Now that those considerations are tumbling around in your mind, we can take a look at some of the top spots in both the USA and Canada, and see which one is the best fit for your next big holiday. Don’t despair if you can’t decide.
There are enough great destinations in North America to keep a skier going for life. many more than we’ve listed here, but this should get you started. You can always try that other one next year.
Primarily about the skiing, but with a thriving party scene off slopes as well. A bit inconvenient to get to, but with a wide variety of expert runs to choose from.
Jackson Hole is a long-time favourite with skiers from all over the world. Located in Jackson Hole Valley, Wyoming – just east of the Idaho border – the area is home to three major skiing areas, Snow King Mountain Resort, Grand Targhee Resort, and of course Jackson Hole itself.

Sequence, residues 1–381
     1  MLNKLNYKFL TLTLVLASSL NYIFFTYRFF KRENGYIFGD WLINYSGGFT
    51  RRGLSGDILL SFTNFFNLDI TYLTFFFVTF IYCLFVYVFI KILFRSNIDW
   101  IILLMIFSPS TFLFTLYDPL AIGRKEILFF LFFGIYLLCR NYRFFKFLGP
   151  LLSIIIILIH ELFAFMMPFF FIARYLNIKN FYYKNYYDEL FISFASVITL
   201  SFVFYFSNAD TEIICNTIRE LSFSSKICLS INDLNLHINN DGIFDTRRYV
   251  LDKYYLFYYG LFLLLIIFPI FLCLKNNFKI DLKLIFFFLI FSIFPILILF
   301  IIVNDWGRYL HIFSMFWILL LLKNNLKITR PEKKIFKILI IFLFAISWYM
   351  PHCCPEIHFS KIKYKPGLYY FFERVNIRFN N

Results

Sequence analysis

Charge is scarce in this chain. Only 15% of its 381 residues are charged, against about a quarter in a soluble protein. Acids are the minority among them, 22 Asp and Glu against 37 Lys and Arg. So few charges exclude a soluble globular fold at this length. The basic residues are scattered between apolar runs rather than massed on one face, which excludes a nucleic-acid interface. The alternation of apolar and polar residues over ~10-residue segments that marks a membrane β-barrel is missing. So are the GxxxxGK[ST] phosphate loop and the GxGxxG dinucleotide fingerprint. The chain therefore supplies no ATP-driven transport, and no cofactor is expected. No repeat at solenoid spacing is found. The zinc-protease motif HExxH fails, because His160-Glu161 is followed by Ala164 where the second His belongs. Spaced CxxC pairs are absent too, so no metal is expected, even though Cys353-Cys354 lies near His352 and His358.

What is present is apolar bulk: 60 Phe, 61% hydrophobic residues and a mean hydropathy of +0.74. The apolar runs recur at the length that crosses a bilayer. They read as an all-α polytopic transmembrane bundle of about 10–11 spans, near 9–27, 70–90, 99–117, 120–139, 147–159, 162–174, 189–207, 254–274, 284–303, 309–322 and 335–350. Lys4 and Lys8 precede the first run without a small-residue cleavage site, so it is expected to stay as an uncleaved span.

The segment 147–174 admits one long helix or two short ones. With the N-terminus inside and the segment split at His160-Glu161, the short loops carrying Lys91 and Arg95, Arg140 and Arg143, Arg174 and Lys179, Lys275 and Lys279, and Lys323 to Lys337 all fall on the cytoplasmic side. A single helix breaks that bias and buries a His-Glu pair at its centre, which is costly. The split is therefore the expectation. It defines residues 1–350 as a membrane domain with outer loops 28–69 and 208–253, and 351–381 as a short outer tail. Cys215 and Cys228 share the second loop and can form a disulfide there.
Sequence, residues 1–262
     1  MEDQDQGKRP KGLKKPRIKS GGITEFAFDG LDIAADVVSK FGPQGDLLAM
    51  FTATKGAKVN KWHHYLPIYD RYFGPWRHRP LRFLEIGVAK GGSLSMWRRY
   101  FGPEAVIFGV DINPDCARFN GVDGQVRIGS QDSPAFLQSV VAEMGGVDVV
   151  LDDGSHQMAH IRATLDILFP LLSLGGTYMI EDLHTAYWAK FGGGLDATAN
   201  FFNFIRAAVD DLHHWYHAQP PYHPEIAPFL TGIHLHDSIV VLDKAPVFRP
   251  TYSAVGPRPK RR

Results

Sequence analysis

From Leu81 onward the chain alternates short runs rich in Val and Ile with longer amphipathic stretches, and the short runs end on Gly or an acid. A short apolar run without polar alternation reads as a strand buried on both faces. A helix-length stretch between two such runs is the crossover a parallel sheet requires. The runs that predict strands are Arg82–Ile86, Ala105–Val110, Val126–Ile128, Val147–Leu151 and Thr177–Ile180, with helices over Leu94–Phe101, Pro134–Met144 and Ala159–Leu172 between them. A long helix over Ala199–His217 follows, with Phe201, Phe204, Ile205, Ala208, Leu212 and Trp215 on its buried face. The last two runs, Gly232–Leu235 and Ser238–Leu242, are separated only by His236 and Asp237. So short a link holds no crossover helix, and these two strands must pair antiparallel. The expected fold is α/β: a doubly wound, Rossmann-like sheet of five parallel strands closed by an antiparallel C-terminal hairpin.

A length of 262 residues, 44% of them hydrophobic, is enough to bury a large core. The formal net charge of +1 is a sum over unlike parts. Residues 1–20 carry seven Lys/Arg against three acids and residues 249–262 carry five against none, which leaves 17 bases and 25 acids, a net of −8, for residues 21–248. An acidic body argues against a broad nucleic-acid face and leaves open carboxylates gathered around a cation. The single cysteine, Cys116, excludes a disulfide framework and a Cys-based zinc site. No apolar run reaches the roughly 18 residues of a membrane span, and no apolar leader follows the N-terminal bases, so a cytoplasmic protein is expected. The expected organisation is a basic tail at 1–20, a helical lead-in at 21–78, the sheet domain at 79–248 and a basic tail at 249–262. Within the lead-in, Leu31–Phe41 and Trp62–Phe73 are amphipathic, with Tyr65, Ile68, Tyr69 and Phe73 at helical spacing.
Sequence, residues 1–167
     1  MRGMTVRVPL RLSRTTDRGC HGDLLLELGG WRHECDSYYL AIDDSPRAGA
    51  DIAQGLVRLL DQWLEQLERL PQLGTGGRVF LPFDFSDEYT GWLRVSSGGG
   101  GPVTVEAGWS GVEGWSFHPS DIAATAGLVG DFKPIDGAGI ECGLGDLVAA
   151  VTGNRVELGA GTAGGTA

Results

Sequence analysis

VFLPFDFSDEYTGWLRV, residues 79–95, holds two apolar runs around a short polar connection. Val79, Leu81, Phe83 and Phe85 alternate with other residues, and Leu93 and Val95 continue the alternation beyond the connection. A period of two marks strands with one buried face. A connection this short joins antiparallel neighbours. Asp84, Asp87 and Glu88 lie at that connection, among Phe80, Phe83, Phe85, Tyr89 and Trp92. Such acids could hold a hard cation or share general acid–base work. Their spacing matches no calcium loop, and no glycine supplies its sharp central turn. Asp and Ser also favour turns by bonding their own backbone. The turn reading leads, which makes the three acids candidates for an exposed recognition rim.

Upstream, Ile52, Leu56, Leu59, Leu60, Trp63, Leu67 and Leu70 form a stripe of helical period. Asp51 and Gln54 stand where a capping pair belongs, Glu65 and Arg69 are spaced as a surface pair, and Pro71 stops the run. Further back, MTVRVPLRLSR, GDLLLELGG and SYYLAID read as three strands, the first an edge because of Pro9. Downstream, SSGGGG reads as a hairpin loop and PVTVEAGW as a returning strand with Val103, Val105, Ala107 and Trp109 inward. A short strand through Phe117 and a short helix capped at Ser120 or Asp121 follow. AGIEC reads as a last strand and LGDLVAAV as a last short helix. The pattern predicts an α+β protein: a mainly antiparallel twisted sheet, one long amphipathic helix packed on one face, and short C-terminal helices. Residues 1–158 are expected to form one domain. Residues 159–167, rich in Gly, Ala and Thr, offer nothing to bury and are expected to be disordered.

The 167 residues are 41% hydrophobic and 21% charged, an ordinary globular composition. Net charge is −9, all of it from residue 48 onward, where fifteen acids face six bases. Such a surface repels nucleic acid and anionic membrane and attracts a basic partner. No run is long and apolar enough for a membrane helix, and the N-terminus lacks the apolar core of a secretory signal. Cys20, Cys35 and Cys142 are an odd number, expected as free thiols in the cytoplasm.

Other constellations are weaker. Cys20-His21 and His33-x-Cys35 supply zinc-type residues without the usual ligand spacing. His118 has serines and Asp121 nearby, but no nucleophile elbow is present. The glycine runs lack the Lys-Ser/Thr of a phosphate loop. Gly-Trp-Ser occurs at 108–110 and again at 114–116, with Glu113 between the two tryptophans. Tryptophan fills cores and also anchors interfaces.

Don’t bother trying to drive into the area, fly right into the local airport and get right to skiing. You’ll still get to experience the spectacular scenery of the Rockies, but you’ll do it on skis, instead of behind (your white knuckles on) a steering wheel.
The snow is deep, the valley walls steep and home to a variety of rugged terrain with near-vertical drops and a few less-daunting chutes dropping down between them. Unlike some resorts that have to struggle to find more challenging slopes for expert skiers, Jackson Hole is rich in expert terrain, and struggles with the other end of the spectrum.
Loaded with challenging, technical runs with steep drops, it has been working hard to carve out more intermediate runs to widen its clientele to include the more laid-back, or less-experienced skier.
Even with the efforts to be more inclusive to novices and intermediate skiers, most of the resort is a playground of great-quality expert runs and beautiful scenery.